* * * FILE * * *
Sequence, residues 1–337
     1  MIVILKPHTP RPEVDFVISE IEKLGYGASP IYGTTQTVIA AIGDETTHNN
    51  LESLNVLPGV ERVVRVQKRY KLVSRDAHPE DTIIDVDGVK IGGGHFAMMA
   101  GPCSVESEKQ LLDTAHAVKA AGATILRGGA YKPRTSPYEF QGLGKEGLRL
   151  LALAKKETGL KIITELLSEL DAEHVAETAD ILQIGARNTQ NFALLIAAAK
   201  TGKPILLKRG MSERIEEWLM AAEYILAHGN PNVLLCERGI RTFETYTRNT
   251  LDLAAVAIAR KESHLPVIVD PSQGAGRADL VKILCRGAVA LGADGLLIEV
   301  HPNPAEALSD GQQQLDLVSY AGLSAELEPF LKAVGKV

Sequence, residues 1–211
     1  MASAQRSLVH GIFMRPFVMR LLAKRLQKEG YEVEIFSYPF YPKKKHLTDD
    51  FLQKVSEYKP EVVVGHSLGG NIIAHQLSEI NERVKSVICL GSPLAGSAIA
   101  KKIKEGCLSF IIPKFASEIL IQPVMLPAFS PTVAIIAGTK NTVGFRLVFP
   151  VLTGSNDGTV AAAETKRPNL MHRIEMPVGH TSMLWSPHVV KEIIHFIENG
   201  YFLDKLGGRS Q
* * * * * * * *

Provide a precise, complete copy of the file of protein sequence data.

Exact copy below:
Sequence, residues 1–337
     1  MIVILKPHTP RPEVDFVISE IEKLGYGASP IYGTTQTVIA AIGDETTHNN
    51  LESLNVLPGV ERVVRVQKRY KLVSRDAHPE DTIIDVDGVK IGGGHFAMMA
   101  GPCSVESEKQ LLDTAHAVKA AGATILRGGA YKPRTSPYEF QGLGKEGLRL
   151  LALAKKETGL KIITELLSEL DAEHVAETAD ILQIGARNTQ NFALLIAAAK
   201  TGKPILLKRG MSERIEEWLM AAEYILAHGN PNVLLCERGI RTFETYTRNT
   251  LDLAAVAIAR KESHLPVIVD PSQGAGRADL VKILCRGAVA LGADGLLIEV
   301  HPNPAEALSD GQQQLDLVSY AGLSAELEPF LKAVGKV

Sequence, residues 1–211
     1  MASAQRSLVH GIFMRPFVMR LLAKRLQKEG YEVEIFSYPF YPKKKHLTDD
    51  FLQKVSEYKP EVVVGHSLGG NIIAHQLSEI NERVKSVICL GSPLAGSAIA
   101  KKIKEGCLSF IIPKFASEIL IQPVMLPAFS PTVAIIAGTK NTVGFRLVFP
   151  VLTGSNDGTV AAAETKRPNL MHRIEMPVGH TSMLWSPHVV KEIIHFIENG
   201  YFLDKLGGRS Q